Does a cs degree help with web development? Is it a good investment?
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The question is kind of open-ended.
Degrees can vary wildly in costs
CS degrees cover a lot of different ground (a lot not related to web-dev). This can either be a good thing or not depending on what your goals are.
Online learning currently changes the paradigm a bit. One of the strengths of degrees is not just the paper and the training, but the network that comes with it. I wonder how that’s affected if this social-distancing is prolonged for more than a year.
Different CS departments work on different curriculum, you’d have to find one that is known for their web-dev if that’s a very specific angle you’re aiming for. I don’t see assembly language, C++, and calculus being necessarily relevant to common web-dev (but again, it depends on what you have in mind overall).
It’s not unheard of for people to get work without degrees, particularly in web-dev.
From my past experience, the tech dept. I worked in not everyone had a CS degree. I think only a few people had MS in CS. Others, who didn’t have a background in tech learned online in a bootcamp or in an in-person classes (or, on the job) and got promoted that way. One woman I worked with had a degree in English and was the head of her dept.
So…no, IMO a CS degree isn’t a requirement to work in web dev.
Good point. I think though even if you learn online you can create communities and networks from there as well.
What do you think about what this source says that 77% of web developers have a degree?
You’d have to look at what people say of University of the People’s reputation (it’s not regionally accredited, for all that’s worth…). Reddit has some lively discussion on this.
They are trying to sell you something so of course they will give a stat that pushes that perspective.
As for sources, you really just have to ask people that are in the field to check veracity or if anything smells fishy.
Bootcamps are another can of worms for example. Can they help train you for a job? Sometimes. Are some of them predatory? Also, yes. Is this true for all of them? No.
Context is fluid and there’s no one-size-fits-all.
What is a good source? Where can I find good sources on this topic?
|2.|CS-260|Data Structures and Algorithms|1 course needed
|3.|CS-250|Software Development Lifecycle|1 course needed
|4.|CS-230|Operating Platforms|1 course needed
|5.|CS-255|System Analysis and Design|1 course needed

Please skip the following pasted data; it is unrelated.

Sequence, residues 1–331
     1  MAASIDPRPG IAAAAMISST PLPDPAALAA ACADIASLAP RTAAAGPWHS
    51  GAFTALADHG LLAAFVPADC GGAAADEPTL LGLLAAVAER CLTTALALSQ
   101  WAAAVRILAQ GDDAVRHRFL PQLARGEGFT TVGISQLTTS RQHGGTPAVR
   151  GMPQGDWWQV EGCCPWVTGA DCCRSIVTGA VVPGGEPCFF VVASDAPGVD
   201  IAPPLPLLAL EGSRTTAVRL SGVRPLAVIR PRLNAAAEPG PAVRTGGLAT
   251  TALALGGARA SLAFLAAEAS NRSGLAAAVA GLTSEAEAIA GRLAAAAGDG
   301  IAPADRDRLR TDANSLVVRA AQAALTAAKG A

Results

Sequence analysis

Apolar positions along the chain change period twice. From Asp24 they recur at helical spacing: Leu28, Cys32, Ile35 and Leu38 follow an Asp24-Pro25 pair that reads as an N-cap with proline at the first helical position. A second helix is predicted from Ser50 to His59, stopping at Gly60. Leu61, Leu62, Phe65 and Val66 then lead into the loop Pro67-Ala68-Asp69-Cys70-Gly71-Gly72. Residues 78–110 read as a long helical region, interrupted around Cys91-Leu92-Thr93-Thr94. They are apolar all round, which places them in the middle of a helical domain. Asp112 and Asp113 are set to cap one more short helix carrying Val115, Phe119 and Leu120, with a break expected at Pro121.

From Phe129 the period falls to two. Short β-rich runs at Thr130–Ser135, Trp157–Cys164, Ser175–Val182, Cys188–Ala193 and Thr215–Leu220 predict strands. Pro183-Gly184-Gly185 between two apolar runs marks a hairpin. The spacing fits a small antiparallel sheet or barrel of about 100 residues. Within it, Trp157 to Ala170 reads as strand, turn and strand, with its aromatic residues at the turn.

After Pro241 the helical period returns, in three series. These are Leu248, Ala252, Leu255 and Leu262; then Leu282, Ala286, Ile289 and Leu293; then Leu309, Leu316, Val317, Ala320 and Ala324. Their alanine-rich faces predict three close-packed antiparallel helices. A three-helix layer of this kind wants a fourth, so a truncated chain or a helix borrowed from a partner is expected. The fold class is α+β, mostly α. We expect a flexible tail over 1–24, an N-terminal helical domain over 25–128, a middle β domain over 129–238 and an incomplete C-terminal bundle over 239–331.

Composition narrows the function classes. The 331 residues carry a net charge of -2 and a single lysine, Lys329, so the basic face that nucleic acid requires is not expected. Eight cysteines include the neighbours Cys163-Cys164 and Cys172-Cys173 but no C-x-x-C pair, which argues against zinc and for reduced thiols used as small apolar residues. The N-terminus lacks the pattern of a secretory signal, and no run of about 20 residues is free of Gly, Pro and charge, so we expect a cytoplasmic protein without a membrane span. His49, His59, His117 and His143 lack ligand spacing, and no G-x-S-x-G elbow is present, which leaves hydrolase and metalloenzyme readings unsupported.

|6.|CS-305|Software Security|1 course needed
|7.|CS-320|Software Test, Automation& QA|1 course needed
|8.|CS-330|Comp Graphic and Visualization|1 course needed
|9.|CS-340|Client/Server Development|1 course needed
|10.|CS-360|Mobile Architect & Programming|1 course needed
|11.|CS-370|Current/Emerging Trends in CS|1 course needed
|12.|CS-465|Full Stack Development I|1 course needed
|13.|CS-470|Full Stack Development II|
|1.||CS-319||UI/UX Design and Development||1 course needed|
|2.||CS-350||Emerging Sys Arch & Tech||1 course needed|
|3.||CS-405||Secure Coding||1 course needed|
|4.||CS-410||Software Reverse Engineering||1 course needed|
This is my course overview for my degree. And tuition is $35,000 for four years at SNHU. Which if any of these courses would be highly valuable for web development. Isnt back end to do with data and algorithms?
If college is not the best path then what is?
You’re seeing the statement “X% of people doing [job] have a degree” and are inferring from it, not necessarily correctly, that “A degree is necessary to do [job]”.
Whilst I can’t speak for other countries, in the UK there is - and has been for many years now - a great push to drive young adults leaving compulsory education into pursuing undergraduate degree courses.
As more and more people go into HE, more and more people will graduate and so more and more of the working population will hold degrees. Does this mean that you need a degree to do those jobs? Not necessarily; all we can say for certain is that we have a lot of well educated people in the workforce.
A CS degree would likely not harm your employability as a web developer, and would more than likely give you a a firm grounding in the skills and techniques that you need to succeed in that field. Whether it’s an absolute necessity, though, is a wholly different question - and I know plenty of excellent developers who aren’t graduates.